Horse Racing… Who’s Going To Make a Splash In The Rebel?

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TripleCrown Races

BC Juvenile Race We Miss Artie and Strong Mandate

When the gates start loading for the 54th running of The Rebel stakes (gr.2) there will be an 80% chance of rain and thunderstorms. Although we all know the weather can quickly change; the current forecast for Hot Springs Arkansas is slated for a very wet and humid weekend! Alas, weather can surely influence the outcome of a race and a sloppy- muddy track could definitely result in surprising results.  With a much smaller field than originally anticipated, 8 sophomores will be taking a plunge in stretching out to 2-turns (some for the first time). With the end in mind; trainers/owners hope their young colts will thrive the added distance when stretching out to 2-turns. A victory will guarantee the winner a spot in the Kentucky Derby since only the top twenty  3-year olds  will make it to the gate on the first Saturday in May.

But Wait, there’s more!

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Instructional Video: How to Skim the Hedge in Horse Racing…

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Wise Dan gave us a thrilling ride as he managed to overcome a troubled trip yesterday in the 23rd Firecracker Handicap (gr.2) at Churchill Downs on the turf.  With a yielding track, and pouring rain the horse and jockey displayed pure finesse. Weather was not in their favor, but the reigning “Horse of the Year” proved to us how fearless he really is.

Wise Dan held his position along the inside of the track, as he sat patiently in 3rd/4th.  You could see JR Velazquez holding this mighty horse back with the strategy to obviously keep him on the inside as he dabbed on the breaks. Coming into the final furlong, Wise Dan was still pinned on the inside amongst the other contenders, and rather than finding a way out of the clustered mess; JR Velazquez maneuvered Wise Dan so tightly upon the hedge there was no room for error.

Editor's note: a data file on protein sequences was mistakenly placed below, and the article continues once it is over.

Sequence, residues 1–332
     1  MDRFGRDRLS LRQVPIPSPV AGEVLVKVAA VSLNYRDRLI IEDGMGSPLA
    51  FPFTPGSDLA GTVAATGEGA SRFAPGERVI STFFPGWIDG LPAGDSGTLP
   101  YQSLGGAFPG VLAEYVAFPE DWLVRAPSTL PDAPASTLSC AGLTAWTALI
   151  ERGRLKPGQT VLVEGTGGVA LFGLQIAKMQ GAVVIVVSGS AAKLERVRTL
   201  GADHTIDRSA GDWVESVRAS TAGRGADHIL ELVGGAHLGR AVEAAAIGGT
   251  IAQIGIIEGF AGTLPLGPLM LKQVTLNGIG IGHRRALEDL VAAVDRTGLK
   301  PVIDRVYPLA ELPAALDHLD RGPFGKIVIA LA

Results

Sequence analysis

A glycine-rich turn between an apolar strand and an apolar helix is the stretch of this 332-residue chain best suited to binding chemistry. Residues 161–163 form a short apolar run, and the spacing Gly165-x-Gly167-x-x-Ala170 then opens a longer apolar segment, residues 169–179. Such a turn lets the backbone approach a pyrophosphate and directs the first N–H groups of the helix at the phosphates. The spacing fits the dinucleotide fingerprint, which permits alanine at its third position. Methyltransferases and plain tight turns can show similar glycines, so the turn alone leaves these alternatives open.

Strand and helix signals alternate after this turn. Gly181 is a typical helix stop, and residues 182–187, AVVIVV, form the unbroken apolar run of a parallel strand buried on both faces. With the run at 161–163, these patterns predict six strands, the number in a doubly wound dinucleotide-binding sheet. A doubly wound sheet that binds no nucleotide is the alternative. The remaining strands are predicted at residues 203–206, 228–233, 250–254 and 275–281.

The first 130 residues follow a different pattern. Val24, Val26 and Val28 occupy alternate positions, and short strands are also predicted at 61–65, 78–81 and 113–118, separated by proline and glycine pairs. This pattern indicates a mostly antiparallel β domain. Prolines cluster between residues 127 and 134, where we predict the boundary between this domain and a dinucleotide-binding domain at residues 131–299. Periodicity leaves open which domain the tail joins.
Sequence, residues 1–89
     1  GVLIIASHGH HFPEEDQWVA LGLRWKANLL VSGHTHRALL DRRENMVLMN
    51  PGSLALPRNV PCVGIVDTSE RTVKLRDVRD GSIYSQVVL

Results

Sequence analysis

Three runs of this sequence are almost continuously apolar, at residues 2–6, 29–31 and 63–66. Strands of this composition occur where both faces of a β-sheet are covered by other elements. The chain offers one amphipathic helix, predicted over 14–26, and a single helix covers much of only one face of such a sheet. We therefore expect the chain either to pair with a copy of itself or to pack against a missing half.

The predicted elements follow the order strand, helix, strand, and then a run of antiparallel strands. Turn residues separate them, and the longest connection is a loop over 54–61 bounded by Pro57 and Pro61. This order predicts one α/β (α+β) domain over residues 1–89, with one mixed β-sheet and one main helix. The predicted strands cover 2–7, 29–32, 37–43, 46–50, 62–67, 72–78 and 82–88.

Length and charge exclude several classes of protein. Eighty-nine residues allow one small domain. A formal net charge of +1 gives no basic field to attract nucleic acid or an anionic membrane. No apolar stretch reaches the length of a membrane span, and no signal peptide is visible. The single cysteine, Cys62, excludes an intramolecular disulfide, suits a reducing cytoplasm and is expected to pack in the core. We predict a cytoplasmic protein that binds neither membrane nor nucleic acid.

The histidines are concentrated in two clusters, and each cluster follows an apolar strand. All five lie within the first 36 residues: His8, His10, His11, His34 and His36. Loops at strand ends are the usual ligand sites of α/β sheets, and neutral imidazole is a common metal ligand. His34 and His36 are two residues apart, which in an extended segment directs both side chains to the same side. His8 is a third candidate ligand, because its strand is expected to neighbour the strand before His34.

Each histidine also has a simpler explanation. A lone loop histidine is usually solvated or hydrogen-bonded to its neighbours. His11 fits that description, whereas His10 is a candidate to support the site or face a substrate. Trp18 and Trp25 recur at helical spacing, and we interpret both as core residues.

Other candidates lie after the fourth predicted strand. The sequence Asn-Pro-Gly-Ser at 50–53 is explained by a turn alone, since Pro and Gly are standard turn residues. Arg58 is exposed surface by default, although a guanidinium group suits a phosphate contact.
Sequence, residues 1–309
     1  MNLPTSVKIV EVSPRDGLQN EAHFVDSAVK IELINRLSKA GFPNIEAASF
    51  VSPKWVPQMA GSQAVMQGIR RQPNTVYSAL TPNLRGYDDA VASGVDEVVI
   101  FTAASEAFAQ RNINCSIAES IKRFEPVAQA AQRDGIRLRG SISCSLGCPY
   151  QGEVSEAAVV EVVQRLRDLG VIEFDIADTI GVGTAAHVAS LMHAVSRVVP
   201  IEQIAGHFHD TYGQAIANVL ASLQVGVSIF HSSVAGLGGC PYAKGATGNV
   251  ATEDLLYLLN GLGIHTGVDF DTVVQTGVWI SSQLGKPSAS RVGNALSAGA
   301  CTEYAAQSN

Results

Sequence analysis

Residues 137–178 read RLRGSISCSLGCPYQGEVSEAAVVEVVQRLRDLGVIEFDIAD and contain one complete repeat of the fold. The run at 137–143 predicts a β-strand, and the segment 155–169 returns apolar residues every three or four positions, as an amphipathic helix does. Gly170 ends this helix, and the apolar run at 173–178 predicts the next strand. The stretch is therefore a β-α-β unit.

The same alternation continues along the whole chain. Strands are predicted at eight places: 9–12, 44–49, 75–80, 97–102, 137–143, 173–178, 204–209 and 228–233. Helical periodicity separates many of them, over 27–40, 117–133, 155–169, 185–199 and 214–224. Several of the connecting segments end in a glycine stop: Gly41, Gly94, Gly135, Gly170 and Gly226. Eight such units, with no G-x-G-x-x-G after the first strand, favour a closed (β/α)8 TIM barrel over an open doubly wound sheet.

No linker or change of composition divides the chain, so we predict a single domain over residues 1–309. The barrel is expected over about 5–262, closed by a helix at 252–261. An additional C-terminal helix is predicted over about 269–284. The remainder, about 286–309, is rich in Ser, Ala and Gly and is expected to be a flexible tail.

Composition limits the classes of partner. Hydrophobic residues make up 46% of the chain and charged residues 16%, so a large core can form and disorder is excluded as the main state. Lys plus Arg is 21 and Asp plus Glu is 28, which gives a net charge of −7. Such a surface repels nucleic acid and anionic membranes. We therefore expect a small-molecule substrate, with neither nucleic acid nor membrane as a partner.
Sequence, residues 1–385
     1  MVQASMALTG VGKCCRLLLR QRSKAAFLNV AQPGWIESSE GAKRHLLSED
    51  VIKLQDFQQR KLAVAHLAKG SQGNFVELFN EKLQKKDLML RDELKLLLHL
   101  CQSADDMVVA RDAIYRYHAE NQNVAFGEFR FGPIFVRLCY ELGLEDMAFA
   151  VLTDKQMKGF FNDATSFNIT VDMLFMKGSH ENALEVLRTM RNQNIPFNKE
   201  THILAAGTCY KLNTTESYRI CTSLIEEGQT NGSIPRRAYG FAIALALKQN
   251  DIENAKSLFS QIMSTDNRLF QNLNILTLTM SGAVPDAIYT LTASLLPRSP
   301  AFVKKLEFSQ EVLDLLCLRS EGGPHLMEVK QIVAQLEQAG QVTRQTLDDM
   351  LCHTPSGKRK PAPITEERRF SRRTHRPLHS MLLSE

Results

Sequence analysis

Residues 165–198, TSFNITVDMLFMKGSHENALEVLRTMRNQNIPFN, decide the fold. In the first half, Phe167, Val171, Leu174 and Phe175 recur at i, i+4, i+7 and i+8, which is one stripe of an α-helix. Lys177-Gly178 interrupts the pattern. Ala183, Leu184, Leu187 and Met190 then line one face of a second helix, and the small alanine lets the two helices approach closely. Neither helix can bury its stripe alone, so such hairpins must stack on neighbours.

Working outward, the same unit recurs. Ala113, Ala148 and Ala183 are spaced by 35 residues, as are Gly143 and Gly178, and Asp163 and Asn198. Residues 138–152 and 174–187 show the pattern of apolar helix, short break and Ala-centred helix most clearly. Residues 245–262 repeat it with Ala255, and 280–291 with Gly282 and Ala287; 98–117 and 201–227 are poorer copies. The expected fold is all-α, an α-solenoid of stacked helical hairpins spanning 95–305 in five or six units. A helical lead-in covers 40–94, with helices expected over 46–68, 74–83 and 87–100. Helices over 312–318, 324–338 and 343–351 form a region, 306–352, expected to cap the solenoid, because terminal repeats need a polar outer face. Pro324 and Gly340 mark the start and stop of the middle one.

“I was in the right spot the whole way and he was going well the whole way,” the Hall of Fame rider said. “I didn’t want to make a premature move. I decided to wait. I had to work my way out. If you watch the head-on, he brushes up against the bushes and he even jumped right at the eighth pole. By the sixteenth-pole, though, he got through. He’s just a very good horse. I know he can handle it when things get tight. He’s big enough to push his way through. I’ve ridden him that way before and I wasn’t worried about it.”  Courtesy of :  Bloodhorse.com

As fast as he was moving and trying to seize whatever opportunity he could find, there were a couple of moments when he did have to steady while trying to overcome traffic. He battled like a warrior with only  inches away from the hedge and the pacesetter Seruni. As he overcame traffic problems running on the inside, he finally got a gap to easily win by 2 lengths. Late-running Lea managed to come in 2nd beating pacesetter Seruni, by a neck. Wise Dan managed to run his foes down while carrying 11-13 pounds more than his fellow contenders.

He is the first horse to ever win two Firecracker Handicaps, and has now won eight of nine turf races in his career and is 3-for-3 over Churchill’s turf.

If you haven’t seen the race, you have to check it out!

 

Courtesy of: Youtube

Yes! A filly in the Belmont…

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In the 145 year history of the Belmont Stakes 23 fillies have entered into the Belmont Stakes in hopes for victory, and to be draped with a blanket of white carnations. Only 3 fillies have accomplished this amazing feat and whose names have been written in the history books as simple amazing.  The very first Belmont Stakes in 1867 was won by a filly named Ruthless, in 1905 a filly named Tanya, and then 102 years later in 2007 Todd Pletcher’s captures the win aboard Rags to Riches.  Only 3 gutsy fillies have done it, and the question is: Will history be made in this year’s Belmont Stakes; with the first female jockey, and a filly named Unlimited Budget? 

Fillies to place in Belmont Stakes
Year, Filly, Finish
1867, Ruthless, 1st
1868, Fanny Ludluw, 3rd
1869, Invercauld, 3rd
1870, Midday, 3rd
1905, Tanya, 1st
1913, Flying Fairy, 3rd
1927, Flambino, 3rd
1980, Genuine Risk, 2nd
1996, My Flag, 3rd
2007, Rags to Riches, 1st

*Courtesy of Bloodhorse.com, Article: Unlimited Budget will get her shot at history